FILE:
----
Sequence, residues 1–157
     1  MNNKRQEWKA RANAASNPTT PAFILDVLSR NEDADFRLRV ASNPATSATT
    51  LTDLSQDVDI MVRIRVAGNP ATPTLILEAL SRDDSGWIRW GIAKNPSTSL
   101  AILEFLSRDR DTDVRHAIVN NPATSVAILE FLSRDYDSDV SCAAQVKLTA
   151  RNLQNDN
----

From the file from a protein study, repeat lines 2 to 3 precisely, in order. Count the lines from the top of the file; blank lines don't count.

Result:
     1  MNNKRQEWKA RANAASNPTT PAFILDVLSR NEDADFRLRV ASNPATSATT
    51  LTDLSQDVDI MVRIRVAGNP ATPTLILEAL SRDDSGWIRW GIAKNPSTSL